About data caching
In my Code Project article “Demystifying concurrent lazy load pattern” I have explained what common mistakes in lazy load implementations and how to implement fast concurrent lazy load cache. In this post I will discuss why caching itself is important and what are some implementation strategies for caching.
Simply put... performance! Usual business application relies on lots of data, and that data usually resides in a database. Because data is out of the application thread, accessing it can be much slower. If external data is on a hard drive (and it usually is), accessing it can be thousands of times slower than accessing data in application memory. The great thing about cached data is that not only it will be few thousand times faster, but it will also scale much better under heavy load than your poor database.
Nowadays, cached data is becoming more and more important with the emergence of high load web sites with many concurrent users. In addition, we see the rise of distributed key-value databases acting as a shared cache.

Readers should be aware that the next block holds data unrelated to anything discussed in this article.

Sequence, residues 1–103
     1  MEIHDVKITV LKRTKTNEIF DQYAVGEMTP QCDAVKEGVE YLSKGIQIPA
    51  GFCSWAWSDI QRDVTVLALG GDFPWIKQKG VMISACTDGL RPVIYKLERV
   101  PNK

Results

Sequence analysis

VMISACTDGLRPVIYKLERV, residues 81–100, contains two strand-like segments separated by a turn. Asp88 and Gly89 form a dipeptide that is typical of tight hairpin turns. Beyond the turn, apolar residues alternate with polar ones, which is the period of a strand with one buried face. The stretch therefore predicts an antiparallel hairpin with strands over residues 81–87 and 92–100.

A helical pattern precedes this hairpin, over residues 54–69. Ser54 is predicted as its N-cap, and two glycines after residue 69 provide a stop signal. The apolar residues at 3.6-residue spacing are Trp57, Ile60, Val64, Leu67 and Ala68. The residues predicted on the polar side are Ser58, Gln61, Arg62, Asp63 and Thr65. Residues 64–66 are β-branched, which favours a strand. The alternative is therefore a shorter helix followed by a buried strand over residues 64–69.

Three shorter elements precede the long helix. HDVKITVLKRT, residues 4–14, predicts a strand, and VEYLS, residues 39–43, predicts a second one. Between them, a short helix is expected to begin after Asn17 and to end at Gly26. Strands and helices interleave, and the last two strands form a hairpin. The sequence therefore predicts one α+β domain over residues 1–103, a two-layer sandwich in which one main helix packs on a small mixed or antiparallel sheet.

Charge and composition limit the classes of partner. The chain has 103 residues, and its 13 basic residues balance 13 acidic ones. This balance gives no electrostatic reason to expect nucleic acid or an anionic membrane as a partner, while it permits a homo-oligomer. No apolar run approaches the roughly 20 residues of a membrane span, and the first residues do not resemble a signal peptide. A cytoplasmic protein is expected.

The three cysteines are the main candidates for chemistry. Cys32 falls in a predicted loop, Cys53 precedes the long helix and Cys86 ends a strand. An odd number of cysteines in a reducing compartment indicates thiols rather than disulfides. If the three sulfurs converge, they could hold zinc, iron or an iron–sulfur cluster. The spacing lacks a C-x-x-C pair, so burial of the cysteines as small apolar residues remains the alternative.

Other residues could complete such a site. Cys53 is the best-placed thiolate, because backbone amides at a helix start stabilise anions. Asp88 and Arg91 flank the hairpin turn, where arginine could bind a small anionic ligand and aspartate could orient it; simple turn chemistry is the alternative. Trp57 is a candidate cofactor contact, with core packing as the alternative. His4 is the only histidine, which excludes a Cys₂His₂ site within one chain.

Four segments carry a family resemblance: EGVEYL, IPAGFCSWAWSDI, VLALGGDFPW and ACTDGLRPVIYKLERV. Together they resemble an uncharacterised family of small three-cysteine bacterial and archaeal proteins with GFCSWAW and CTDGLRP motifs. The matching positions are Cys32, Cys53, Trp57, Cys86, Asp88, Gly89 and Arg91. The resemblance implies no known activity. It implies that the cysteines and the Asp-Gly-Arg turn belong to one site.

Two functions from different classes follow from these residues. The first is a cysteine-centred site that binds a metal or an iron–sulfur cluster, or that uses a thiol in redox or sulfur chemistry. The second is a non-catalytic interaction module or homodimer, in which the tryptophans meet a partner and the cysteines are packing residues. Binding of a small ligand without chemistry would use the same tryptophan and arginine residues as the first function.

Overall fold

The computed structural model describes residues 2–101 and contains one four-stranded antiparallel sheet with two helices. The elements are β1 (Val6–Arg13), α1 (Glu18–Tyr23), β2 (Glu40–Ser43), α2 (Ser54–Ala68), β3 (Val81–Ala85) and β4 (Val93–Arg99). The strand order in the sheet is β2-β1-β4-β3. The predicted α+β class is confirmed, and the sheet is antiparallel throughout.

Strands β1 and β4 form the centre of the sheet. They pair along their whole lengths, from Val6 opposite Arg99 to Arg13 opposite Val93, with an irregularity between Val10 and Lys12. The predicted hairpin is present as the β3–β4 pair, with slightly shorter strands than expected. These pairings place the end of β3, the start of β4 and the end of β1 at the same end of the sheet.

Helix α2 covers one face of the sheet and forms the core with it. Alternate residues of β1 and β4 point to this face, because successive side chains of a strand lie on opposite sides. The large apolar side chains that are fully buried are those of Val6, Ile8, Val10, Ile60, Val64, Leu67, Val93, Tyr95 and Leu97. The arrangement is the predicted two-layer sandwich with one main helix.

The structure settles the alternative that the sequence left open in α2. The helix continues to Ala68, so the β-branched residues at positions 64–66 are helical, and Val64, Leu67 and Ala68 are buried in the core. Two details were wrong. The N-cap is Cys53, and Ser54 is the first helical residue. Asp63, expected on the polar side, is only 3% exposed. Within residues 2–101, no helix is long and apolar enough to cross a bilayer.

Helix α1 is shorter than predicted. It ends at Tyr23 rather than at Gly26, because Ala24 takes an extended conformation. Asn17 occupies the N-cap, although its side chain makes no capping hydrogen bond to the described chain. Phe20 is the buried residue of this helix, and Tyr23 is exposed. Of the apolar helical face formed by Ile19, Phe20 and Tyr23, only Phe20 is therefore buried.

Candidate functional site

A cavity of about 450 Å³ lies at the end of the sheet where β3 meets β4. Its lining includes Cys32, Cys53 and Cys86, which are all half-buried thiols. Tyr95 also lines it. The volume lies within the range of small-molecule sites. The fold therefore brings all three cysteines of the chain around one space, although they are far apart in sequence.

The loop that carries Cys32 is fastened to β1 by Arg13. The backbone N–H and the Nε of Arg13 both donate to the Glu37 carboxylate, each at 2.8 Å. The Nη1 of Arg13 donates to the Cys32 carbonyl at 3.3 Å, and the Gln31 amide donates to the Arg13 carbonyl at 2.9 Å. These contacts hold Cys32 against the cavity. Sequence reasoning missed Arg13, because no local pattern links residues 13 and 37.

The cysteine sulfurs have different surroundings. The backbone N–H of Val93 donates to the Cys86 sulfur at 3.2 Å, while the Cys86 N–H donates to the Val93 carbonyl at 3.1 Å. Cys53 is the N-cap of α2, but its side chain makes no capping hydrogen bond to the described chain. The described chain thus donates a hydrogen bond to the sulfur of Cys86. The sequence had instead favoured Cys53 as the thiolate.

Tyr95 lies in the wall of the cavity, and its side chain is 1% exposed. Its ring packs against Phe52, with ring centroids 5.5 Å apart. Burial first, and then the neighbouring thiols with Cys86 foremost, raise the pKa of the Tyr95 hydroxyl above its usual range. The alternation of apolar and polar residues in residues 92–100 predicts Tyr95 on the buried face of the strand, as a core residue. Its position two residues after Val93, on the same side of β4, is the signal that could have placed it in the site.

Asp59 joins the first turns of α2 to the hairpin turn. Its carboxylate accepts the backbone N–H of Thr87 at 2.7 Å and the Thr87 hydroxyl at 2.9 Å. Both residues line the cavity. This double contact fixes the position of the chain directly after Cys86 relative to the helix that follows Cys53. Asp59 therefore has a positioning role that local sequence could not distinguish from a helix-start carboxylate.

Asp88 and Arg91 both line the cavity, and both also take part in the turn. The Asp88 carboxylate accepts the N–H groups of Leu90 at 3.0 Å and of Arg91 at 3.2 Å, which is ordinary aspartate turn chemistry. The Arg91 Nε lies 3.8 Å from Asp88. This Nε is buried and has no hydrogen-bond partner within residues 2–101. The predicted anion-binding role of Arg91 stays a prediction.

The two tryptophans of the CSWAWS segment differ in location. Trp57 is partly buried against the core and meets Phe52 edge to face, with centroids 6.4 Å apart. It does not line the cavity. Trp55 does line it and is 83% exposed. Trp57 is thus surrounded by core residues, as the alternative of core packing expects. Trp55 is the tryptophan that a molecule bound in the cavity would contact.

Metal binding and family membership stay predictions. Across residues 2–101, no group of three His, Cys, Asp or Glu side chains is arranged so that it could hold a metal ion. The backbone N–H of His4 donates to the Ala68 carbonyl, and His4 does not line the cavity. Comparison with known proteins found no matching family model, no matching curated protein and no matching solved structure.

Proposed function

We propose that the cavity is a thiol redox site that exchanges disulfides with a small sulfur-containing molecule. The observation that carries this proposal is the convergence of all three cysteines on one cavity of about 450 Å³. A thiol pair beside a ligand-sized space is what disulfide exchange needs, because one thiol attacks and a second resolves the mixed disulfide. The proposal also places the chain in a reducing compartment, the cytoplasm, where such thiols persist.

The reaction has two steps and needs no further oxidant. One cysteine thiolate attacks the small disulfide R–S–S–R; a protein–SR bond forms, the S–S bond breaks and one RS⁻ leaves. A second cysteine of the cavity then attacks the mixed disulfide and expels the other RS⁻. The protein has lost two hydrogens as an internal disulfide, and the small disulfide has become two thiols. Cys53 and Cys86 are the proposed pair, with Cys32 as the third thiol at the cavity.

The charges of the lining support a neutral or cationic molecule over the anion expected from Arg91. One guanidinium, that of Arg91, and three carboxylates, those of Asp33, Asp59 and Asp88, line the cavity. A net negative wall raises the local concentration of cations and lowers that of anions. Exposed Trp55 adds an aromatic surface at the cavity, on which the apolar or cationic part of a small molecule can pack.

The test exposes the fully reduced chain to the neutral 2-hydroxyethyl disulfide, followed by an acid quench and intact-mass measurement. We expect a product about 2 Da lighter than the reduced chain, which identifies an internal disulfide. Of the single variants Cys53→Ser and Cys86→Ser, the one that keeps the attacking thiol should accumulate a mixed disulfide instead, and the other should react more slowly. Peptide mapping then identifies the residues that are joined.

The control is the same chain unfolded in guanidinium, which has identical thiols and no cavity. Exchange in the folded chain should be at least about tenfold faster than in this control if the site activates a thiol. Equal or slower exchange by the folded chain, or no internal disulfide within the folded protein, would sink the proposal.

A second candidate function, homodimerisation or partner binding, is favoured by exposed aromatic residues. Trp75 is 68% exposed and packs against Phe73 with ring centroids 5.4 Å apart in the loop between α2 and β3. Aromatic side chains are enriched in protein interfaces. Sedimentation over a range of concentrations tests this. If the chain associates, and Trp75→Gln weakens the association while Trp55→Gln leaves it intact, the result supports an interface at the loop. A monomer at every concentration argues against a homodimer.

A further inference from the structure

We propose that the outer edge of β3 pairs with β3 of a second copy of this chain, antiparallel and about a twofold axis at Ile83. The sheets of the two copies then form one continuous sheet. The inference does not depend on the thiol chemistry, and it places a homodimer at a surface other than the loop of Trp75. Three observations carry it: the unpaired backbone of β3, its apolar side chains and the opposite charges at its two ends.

In our application, we have increased the speed of a critical business feature, Order lines import, for about 50 times after data caching. Speed went from 1 row per second to 50 rows per second.
Sounds great, and best of all it is easy and it just takes a little caring about your data. Unfortunately, I have seen many problematic implementations of caching that will either occasionally break in production or have very low performance and those implementations are the main reason for writing this article.